Individually, we will always be confronted with our cognitive limitations yet, being educated about heuristics and biases along with other human element aspects to understand how we process information, think and make decisions, can help us gaining awareness of self and the others and use this as foundation for improving communication and coordination amongst team members.
Bridge Resource Management is a key ingredient to successful operations, yet it might only add a bitter taste if there is no understanding of the ‘Why’ behind its core principles and techniques. Additionally, it should be applied consistently to help bridge teams to trap errors in due time, but also adapting to different dynamics and complexities to promote resiliency, so to avoid major negative consequences.
Certainly, every mariner has so far received or will receive under different names a training that focuses on Bridge Resource Management. But why some mariners are still finding difficult to apply these principles and techniques whilst in operation, especially when the vessel is under pilotage?
Although there isn`t a single answer to that, trainings providers should take responsibility and be committed in finding more effective ways to help Masters, Officers and Crew finding applicability of the notions, principles and techniques in their operational context.
Since operations with a Pilot on board are regarded as highly critical, more emphasis should be put during existing trainings about this aspect offering tailor made scenarios that help to understand how cohesiveness with bridge teams and pilots can be achieved and ensuring they play as a band, rather than one man band, when engaged in such operations.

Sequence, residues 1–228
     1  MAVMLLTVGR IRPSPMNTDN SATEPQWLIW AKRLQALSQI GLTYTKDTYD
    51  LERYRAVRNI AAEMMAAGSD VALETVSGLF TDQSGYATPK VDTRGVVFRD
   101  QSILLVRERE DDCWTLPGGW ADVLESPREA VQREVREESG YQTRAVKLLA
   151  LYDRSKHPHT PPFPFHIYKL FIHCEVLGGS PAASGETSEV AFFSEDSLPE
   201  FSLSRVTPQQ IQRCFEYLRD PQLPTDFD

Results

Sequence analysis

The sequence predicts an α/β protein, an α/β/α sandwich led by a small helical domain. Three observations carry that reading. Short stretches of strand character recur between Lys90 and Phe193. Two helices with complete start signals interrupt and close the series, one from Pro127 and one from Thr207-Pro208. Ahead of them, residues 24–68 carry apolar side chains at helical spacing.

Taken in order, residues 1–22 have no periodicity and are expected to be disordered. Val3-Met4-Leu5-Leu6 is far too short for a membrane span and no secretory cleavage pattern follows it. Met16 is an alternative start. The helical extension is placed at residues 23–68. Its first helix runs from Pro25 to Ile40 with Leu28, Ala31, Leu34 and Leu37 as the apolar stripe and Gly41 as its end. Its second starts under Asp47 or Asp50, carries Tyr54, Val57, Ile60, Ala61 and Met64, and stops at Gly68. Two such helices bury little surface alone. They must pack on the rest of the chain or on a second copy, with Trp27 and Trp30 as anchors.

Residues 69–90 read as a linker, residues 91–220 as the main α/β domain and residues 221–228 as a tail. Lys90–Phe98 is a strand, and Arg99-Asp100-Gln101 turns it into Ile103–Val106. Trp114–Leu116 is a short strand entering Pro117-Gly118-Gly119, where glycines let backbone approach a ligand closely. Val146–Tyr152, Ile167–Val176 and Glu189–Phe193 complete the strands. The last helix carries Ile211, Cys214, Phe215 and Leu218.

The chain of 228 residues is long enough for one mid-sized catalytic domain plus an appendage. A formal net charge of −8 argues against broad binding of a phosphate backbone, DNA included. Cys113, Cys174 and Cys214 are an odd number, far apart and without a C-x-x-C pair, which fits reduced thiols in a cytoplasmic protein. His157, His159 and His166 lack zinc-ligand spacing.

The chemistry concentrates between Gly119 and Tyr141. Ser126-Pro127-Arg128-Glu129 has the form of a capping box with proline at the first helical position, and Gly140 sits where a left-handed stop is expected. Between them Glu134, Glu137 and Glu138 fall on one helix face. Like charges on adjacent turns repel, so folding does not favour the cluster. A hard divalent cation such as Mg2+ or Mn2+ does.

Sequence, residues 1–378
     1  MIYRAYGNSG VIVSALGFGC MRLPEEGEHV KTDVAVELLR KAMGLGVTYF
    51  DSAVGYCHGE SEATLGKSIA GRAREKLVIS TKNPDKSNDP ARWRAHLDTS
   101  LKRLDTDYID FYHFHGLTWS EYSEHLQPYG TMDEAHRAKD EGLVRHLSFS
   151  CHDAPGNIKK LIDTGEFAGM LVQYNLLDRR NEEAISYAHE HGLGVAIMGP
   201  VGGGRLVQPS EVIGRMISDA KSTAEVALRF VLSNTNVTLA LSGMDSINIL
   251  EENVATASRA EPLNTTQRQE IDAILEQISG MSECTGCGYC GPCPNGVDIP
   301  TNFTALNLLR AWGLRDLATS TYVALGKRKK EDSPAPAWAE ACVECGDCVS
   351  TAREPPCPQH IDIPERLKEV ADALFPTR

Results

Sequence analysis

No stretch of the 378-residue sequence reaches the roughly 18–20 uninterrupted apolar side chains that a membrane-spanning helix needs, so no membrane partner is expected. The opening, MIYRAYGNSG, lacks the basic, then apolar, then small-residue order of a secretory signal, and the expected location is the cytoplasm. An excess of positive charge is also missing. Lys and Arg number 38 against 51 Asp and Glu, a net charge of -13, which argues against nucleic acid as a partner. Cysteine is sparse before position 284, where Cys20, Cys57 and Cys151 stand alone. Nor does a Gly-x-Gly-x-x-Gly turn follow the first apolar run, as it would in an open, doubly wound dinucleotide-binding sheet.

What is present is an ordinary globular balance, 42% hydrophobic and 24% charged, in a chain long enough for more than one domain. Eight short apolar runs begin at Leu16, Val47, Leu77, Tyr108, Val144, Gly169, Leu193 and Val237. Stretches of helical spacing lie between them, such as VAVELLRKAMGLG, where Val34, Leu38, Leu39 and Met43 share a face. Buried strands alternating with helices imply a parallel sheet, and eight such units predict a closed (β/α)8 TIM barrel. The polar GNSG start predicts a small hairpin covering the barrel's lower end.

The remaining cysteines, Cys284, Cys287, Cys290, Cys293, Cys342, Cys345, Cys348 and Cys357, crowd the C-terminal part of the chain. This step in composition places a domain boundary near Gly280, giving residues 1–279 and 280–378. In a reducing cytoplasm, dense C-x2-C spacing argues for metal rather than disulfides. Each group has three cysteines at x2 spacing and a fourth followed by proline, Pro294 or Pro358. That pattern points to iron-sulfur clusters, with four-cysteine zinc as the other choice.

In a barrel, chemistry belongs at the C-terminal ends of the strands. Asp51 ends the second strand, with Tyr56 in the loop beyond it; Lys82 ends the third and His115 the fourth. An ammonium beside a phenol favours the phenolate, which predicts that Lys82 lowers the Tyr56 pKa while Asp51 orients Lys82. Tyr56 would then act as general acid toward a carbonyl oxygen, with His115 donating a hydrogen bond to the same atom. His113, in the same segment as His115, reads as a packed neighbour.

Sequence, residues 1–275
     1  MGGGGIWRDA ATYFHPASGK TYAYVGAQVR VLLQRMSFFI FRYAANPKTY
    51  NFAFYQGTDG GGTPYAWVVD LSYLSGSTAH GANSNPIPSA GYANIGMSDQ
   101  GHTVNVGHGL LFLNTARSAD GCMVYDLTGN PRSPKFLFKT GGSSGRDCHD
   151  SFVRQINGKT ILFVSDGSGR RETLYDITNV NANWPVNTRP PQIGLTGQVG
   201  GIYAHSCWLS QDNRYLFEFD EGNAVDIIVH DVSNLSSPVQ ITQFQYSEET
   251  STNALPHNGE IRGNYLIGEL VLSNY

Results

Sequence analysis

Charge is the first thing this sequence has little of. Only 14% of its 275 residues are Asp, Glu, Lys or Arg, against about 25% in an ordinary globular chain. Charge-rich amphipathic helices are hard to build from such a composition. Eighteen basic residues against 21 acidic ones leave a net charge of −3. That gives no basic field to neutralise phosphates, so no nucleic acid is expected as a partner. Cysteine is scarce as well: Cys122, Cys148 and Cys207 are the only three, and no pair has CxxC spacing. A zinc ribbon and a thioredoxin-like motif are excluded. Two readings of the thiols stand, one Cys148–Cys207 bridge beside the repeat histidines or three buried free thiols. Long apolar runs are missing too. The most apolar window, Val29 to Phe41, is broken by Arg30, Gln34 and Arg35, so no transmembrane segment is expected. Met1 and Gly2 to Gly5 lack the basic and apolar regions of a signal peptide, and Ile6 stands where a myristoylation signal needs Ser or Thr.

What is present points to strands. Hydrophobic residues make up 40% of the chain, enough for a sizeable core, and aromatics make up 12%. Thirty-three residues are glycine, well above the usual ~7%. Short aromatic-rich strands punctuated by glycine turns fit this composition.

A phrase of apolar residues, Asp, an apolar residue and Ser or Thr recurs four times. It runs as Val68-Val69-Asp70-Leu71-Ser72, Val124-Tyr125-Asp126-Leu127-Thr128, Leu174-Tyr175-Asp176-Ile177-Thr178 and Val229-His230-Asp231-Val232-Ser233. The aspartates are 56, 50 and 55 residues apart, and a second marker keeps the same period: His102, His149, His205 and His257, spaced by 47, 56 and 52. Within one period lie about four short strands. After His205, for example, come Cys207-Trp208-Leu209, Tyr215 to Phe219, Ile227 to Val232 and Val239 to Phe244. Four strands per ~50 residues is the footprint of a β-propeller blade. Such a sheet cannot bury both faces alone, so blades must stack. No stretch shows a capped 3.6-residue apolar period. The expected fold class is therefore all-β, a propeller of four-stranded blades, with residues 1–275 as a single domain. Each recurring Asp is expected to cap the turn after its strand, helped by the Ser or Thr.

Notwithstanding the majority of Masters, Officers and Pilots are individually highly proficient and competent people, if they are not educated correctly on how to interact and coordinate with one another, events can always unfold unpredictably and negatively, without realizing that until something happens.
Moreover, besides focusing on the human element, BRM course syllabi could integrate technical aspects in the same or complementary trainings, as they are one of the resources that bridge teams should make use of to safely navigate the vessel. If we want people to speak up, they should also possess the knowledge and competencies to be able to understand when to raise concerns that could save the day.
Trainings for the Masters and Officers, focusing on Piloting operations could be conducted using real Pilots to increase realism and to benefit both parties.
As recommended by the IMO resolution A. 960 developed in conjunction with the IMPA it is vital for the Pilots along with Masters and Officers to be trained on Bridge Resource Management principles and best practices.
But how can we achieve safe navigation through shared tasks between Pilots and Bridge Teams?
For this purpose and to enhance safety of navigation whilst under Pilotage, Simwave will integrate safe navigation in pilotage waters within their BRM trainings to all the organisations that take this educational and operational matter as top priority.
For Pilot associations, since BRM trainings offered to Masters, Officers and Crew are not always suited for them, we have developed a BRM-P training that aims at addressing strategies and techniques to establish and maintain the best, mutually supportive working relationship with the bridge team where cohesiveness and effective coordination will result in safe berthing and unberthing.
Playing in a one-man band can be daunting and boring, So let`s Rock together!